5. static const float visibility     = 0.7;// visibility of reflection
I also created some static const values for convenience (makes code easier to understand) ... these can not change during runtime.
- screen (x,y) = width, height
- scale is the opposite of how scale normally works (ie: 0.1 would be huge and 0.9 would be small) ... this changes the size of the sprites reflected on the crystals [it's opposite because of extraction method - you'll see]
- visibility = transparency of reflection

c) The Pixel Shader function...
Rem: must take exact same parameters as vertex shader used in its output (ie: see the default fx file's vertex shader)
tiles_image is where TexSamp will be sampling from since that's where the crystals are located.
If you look at the image, you'll notice I put a normal map on it that is precisely 128 pixels to the right of it. The normal-map will be used to create the distorted reflections and sort-of specular-shimmer effect.
Code Snippet
  1. //--------------------------------------
  2. // C R Y S T A L  P I X E L  S H A D E R
  3. //--------------------------------------
  4. float4 CrystalPS(float4 pos : SV_Position, float4 col : COLOR0, float2 uv : TEXCOORD0) : COLOR0
  5. {    
  6.     float2 norm_uv = uv;
  7.     norm_uv.x+=0.125;                         // 128 pixels to right on tiles_image (which has 1024 total width) so 128/1024 = 0.125
  9.     float2 reflect_uv;
  10.     reflect_uv.x = pos.x/screen.x*scale+0.05;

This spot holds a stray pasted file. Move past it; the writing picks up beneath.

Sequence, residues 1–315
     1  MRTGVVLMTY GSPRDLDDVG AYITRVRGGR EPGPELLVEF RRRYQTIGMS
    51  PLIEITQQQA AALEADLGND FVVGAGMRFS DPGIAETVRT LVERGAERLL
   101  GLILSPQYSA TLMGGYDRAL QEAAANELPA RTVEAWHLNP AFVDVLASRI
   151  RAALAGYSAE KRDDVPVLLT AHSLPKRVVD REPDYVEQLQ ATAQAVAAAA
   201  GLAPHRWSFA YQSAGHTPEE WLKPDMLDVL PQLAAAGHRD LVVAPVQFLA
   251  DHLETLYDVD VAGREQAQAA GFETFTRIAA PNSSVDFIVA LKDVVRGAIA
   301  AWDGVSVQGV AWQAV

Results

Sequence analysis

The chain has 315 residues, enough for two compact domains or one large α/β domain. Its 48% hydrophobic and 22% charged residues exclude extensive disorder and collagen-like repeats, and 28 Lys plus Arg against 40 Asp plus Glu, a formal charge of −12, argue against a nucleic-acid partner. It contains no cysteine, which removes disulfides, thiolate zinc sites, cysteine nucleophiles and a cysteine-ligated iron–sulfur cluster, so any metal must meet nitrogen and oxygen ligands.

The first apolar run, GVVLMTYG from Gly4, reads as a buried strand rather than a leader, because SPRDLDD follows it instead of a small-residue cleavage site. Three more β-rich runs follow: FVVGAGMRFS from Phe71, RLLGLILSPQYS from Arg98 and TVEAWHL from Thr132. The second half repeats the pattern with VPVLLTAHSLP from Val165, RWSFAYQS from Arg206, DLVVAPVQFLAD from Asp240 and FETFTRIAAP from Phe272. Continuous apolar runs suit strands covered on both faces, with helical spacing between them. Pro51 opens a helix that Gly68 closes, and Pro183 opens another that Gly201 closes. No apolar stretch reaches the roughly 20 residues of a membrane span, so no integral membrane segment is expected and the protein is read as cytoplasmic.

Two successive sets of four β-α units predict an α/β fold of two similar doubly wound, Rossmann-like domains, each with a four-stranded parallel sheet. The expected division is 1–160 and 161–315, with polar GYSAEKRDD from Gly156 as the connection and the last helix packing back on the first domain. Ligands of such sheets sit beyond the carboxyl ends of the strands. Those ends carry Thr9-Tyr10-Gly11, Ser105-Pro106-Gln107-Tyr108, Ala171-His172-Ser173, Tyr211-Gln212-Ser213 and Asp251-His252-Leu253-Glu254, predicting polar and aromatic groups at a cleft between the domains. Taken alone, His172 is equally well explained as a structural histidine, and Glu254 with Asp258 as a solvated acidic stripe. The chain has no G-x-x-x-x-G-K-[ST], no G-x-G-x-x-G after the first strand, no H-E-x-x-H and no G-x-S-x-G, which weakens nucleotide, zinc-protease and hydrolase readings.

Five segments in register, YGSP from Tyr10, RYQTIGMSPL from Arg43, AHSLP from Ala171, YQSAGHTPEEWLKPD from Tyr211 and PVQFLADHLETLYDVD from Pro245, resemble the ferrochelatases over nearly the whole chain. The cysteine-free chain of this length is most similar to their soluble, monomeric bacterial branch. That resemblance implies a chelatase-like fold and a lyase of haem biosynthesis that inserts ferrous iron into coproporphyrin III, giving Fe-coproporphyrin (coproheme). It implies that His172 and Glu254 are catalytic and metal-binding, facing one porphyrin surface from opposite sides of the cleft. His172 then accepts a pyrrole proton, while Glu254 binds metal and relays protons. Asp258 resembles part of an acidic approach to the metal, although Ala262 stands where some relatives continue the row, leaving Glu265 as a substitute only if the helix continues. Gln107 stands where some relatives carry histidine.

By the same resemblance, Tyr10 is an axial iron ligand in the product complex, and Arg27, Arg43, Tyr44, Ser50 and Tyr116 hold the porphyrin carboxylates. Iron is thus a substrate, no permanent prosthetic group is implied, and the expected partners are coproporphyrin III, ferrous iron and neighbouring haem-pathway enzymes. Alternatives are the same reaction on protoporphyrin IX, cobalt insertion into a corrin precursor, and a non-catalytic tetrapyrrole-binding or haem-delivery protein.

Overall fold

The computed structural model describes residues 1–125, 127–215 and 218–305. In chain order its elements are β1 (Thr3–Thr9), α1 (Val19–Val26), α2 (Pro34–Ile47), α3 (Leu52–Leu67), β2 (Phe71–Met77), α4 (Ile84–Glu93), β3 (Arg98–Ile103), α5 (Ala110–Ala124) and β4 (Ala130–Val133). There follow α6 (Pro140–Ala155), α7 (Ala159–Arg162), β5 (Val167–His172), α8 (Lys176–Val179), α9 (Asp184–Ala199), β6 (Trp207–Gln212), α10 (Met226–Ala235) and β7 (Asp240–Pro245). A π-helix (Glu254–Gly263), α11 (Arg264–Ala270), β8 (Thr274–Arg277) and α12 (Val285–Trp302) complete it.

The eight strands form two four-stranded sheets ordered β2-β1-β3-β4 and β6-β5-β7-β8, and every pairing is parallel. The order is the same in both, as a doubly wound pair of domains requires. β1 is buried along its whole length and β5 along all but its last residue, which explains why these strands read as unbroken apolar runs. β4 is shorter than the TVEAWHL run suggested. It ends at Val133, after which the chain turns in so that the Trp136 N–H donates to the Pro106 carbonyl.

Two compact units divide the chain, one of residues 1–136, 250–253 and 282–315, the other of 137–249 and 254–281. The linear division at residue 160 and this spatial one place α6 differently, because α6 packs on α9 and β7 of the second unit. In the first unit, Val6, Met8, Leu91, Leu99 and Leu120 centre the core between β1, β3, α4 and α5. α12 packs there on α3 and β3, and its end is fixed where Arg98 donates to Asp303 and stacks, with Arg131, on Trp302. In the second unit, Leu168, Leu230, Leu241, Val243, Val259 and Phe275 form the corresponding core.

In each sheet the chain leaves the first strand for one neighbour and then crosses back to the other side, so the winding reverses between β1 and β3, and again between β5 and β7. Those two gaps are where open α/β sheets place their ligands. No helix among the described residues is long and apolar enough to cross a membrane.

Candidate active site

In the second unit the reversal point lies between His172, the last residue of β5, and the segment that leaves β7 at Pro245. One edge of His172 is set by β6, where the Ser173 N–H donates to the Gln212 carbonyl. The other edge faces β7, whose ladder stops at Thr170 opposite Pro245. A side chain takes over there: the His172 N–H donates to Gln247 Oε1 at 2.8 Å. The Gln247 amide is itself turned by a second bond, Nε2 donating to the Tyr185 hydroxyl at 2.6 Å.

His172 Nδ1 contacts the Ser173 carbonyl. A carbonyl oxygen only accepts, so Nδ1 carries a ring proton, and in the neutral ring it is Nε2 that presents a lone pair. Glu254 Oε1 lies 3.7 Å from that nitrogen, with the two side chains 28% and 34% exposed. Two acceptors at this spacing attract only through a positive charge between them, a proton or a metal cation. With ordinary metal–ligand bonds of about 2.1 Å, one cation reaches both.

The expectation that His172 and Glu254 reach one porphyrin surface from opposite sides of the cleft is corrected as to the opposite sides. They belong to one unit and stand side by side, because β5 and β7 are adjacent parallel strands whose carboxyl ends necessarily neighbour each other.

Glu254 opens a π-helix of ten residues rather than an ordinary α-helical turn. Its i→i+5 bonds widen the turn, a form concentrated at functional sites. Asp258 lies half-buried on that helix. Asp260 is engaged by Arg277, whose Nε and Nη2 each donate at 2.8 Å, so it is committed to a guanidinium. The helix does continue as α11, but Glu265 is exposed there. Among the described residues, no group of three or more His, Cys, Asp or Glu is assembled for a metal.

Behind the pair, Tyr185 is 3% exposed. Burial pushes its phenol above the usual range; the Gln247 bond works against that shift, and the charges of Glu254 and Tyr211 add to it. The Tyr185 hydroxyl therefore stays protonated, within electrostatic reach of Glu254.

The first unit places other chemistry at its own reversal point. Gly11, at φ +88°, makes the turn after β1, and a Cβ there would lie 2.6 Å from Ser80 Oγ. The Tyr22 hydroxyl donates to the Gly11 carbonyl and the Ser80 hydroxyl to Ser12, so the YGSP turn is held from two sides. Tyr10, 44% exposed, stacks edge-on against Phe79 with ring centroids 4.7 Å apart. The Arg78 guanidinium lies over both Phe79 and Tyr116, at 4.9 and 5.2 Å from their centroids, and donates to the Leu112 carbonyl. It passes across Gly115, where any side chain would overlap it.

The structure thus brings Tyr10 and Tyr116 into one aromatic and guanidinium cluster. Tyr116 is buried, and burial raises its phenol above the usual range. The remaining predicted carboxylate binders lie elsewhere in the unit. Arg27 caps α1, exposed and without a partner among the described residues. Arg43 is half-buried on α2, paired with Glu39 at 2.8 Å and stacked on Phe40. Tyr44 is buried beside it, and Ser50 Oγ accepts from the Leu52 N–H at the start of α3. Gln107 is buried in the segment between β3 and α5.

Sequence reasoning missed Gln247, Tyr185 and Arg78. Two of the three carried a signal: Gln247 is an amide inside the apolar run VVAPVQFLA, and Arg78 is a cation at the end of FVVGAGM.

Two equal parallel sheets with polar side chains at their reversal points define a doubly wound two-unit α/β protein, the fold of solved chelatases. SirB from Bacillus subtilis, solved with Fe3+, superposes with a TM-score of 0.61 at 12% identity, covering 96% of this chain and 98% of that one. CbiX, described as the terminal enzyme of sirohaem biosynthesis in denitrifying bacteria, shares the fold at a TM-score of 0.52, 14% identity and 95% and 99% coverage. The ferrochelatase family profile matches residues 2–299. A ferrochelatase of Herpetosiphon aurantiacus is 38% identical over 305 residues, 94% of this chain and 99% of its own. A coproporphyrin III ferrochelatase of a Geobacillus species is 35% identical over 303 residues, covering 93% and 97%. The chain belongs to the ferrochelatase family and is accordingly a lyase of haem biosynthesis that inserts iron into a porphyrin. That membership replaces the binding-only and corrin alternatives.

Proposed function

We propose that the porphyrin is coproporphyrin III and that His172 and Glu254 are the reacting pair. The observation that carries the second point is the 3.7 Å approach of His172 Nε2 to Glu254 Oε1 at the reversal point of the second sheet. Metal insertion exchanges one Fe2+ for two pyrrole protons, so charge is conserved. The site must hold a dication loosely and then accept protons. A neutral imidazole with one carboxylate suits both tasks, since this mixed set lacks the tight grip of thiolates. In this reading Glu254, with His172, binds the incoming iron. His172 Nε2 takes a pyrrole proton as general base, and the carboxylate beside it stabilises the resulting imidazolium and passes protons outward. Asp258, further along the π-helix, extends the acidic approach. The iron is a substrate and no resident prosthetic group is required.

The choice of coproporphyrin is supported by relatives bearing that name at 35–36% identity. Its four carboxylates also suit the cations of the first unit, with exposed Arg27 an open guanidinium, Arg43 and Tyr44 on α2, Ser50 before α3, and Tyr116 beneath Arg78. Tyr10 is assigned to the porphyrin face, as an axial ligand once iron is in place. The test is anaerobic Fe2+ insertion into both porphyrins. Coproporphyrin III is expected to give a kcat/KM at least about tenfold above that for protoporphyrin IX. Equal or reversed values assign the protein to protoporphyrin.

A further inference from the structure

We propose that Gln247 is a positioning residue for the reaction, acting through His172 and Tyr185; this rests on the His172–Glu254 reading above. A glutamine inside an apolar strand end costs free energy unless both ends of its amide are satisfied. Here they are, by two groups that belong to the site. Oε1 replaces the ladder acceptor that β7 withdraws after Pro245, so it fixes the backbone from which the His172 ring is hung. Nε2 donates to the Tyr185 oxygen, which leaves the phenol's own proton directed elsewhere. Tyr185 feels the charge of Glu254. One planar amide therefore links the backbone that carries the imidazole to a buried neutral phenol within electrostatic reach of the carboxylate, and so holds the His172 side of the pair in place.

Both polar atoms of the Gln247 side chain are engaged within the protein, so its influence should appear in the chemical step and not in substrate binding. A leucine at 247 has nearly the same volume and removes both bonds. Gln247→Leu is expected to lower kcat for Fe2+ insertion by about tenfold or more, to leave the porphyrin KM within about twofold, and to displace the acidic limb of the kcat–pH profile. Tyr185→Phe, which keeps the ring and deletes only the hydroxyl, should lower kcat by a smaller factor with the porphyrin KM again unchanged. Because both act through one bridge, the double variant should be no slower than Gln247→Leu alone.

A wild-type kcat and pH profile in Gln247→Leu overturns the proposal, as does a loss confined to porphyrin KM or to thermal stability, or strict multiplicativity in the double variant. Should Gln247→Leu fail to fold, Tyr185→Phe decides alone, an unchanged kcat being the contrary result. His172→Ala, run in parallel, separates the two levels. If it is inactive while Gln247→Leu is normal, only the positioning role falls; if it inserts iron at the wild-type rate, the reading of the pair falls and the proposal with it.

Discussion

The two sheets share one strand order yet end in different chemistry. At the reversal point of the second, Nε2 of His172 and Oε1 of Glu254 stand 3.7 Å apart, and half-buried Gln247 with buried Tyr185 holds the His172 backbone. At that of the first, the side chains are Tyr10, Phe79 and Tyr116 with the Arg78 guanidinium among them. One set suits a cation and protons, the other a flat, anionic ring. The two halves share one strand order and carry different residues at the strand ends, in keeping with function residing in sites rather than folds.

11.     reflect_uv.y = pos.y/screen.y*scale+0.10;
  13.     // r=0-1, g=0-1 and say red = 0.4 and green = 0.7 then distort.x = -0.2 and distort.y = 0.4 (ranging -1 to +1) This is why: *2 - 1
  14.     // multiply final result by magnitude to get it in terms of a small space of distortion in screen/uv coords (0-1)
  15.     float2 distort = (tex2D(TexSamp, norm_uv).xy*2.0-1.0)*distort_amount; // norm_uv = uv_coords on the tiles sheet for normal map
  17.     float4 TexColor     = tex2D(TexSamp, uv); // color of pixel to draw from crystals              
  19.     reflect_uv.xy += distort.xy;
  21.     float4 sparkle      = tex2D(BackSamp, (reflect_uv + distort*6));
  22.     if (TexColor.a>0.5) TexColor+=sparkle;
  23.     float4 Reflect      = tex2D(ReflectSamp, reflect_uv);  // alien hero pixel to reflect
  24.     if ((TexColor.a>0.5)&&(Reflect.a>0.9)) {TexColor = Reflect*visibility + ((TexColor+sparkle)*(1-visibility));}
  26.     return TexColor*col;
  27. }

As you may already know the normals along the surface of the normal map sort of determine the angle the surface would face at where the red areas would take on more light (from upper-right side in this case) and the green areas would be more shadowed(bottom-left sides of each bump).
- norm_uv is set to 128 pixels to the right (128/map_width) = 0.125 (now set for values ranging 0-1 which are valid in the shader)
- reflect_uv = (position / screen_dimension) [to get 0-1 of position] * scale
You may notice that scaling a value, ie: 0.3 * 2 = 0.6... but that would expand the uv sampling (skipping pixels) and thus it would shrunk the image... we want to make it bigger so we set our scale smaller so that it samples pixels closer together (maybe the same one twice sometimes) to make the image bigger.
 I added 0.05(X) and 0.10(Y) values to offset the sampling position a bit so that the reflection won't appear directly under the character (if you wanted you could even make this parametric so that as the character walks by the surface, the angle of reflection appears to change)

This line:
float2 distort = (tex2D(TexSamp, norm_uv).xy*2.0-1.0)*distort_amount; // norm_uv = uv_coords on the tiles sheet for normal map
... gets the Red and Green values from the normal map (xy) and adjusts their values to range (-1 to +1) [this is why we go *2-1]